2012: Fighting for the Beginning of the End of AIDS

We are at a critical moment in the fight against HIV/AIDS. The world has made incredible progress in its efforts to understand, prevent and treat this disease over the last three decades, and progress has been particularly rapid during the last ten years.  AIDS used to be a ready death sentence, but by the end of 2010 more than 8 million people were on life-saving antiretroviral treatment, up from just 100,000 in 2002.  Technology now makes it possible to prevent the transmission of HIV from mother-to-child in as many as 98% of cases.  New research has shown that the rate of new HIV infections can be drastically reduced with a combination of existing and new technologies.  Leaders from across the aisle and from around the world have demonstrated political and financial will to fight this disease.

Yet there is much work to be done.  There are still nearly 6 million HIV-positive people in need of treatment in low- and middle-income countries.  More than 330,000 infants and children are infected with HIV each year.  New HIV infections still outpace the number of people added on to treatment annually.  Funding for AIDS has largely leveled off.  Now more than ever, we must recommit ourselves to the fight against HIV and to achieving specific, measurable goals that will help us bend the curve of this pandemic.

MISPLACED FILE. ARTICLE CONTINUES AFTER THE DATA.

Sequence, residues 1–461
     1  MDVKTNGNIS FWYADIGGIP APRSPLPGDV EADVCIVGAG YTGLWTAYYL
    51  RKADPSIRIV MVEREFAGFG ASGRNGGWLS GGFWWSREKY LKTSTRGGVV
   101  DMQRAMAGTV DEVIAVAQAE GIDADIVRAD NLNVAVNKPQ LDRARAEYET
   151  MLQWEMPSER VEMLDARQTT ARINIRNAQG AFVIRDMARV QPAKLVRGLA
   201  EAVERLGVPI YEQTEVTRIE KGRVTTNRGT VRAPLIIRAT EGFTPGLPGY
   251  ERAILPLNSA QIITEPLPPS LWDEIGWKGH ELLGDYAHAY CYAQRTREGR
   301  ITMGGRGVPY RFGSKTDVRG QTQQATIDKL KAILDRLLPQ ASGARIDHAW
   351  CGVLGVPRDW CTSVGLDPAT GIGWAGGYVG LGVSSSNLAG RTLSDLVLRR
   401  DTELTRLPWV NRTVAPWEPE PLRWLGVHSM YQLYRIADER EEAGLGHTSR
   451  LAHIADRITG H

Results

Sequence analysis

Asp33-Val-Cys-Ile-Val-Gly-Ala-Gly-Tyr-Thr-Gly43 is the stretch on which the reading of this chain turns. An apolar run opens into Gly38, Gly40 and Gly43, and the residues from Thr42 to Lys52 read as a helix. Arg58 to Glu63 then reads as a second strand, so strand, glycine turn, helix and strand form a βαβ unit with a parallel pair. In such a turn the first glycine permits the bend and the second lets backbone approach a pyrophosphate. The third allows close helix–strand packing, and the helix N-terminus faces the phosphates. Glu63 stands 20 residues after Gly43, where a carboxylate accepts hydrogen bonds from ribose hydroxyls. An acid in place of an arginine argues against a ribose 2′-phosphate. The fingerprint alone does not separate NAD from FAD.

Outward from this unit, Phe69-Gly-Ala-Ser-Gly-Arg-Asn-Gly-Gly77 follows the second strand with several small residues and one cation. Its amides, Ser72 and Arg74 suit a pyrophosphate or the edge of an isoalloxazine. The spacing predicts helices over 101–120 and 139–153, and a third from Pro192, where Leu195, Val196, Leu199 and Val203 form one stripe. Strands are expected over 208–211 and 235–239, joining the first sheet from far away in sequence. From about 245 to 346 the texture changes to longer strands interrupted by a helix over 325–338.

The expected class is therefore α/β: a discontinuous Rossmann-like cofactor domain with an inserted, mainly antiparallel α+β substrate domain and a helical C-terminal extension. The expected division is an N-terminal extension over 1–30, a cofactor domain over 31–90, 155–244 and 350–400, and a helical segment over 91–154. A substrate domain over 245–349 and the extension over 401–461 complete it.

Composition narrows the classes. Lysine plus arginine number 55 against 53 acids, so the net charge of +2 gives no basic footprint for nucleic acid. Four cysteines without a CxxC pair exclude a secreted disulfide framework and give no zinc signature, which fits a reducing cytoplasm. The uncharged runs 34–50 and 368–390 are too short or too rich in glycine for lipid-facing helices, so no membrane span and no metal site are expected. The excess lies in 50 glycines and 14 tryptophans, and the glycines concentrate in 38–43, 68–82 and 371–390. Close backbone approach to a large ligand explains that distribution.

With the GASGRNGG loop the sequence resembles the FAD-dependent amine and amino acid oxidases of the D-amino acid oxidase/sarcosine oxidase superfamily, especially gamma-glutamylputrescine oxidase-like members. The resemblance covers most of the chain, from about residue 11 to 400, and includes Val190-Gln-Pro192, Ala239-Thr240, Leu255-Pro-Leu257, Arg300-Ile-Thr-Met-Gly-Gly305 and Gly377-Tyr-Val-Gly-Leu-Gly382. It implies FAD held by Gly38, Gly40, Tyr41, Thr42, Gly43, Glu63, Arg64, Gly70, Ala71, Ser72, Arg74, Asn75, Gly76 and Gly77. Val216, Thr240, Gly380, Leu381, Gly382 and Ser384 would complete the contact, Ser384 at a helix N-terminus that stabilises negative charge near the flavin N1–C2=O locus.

Renewing Momentum in the fight against HIV/AIDS

ONE has always been an ardent supporter of the fight against AIDS, advocating for the creation of innovative delivery mechanisms such as the President’s Emergency Fund for AIDS Relief (PEPFAR) and The Global Fund for AIDS, Tuberculosis, and Malaria.  ONE continues to advocate for a world in which HIV transmission is halted and there is universal access to treatment for those in need. While the achievement of those goals remains some years off, the achievement of specific interim goals by 2015 can drive momentum. These goals include:

1. Virtually eliminate mother-to-child transmission: an AIDS Free Generation by 2015

2. Accelerate access to treatment: 15 million people on ARVs by 2015 (15×15)

3. Implement innovative prevention strategies to stop new infections

Though these goals are ambitious, they are all measurable and achievable.  Critically, to bend the curve of the AIDS pandemic, they cannot be achieved in isolation from one another or by only a handful of donors.  Only when achieved in parallel—through the broad support of donors, African governments, organizations, and the private sector—will the beginning of the end of AIDS as a pandemic be real.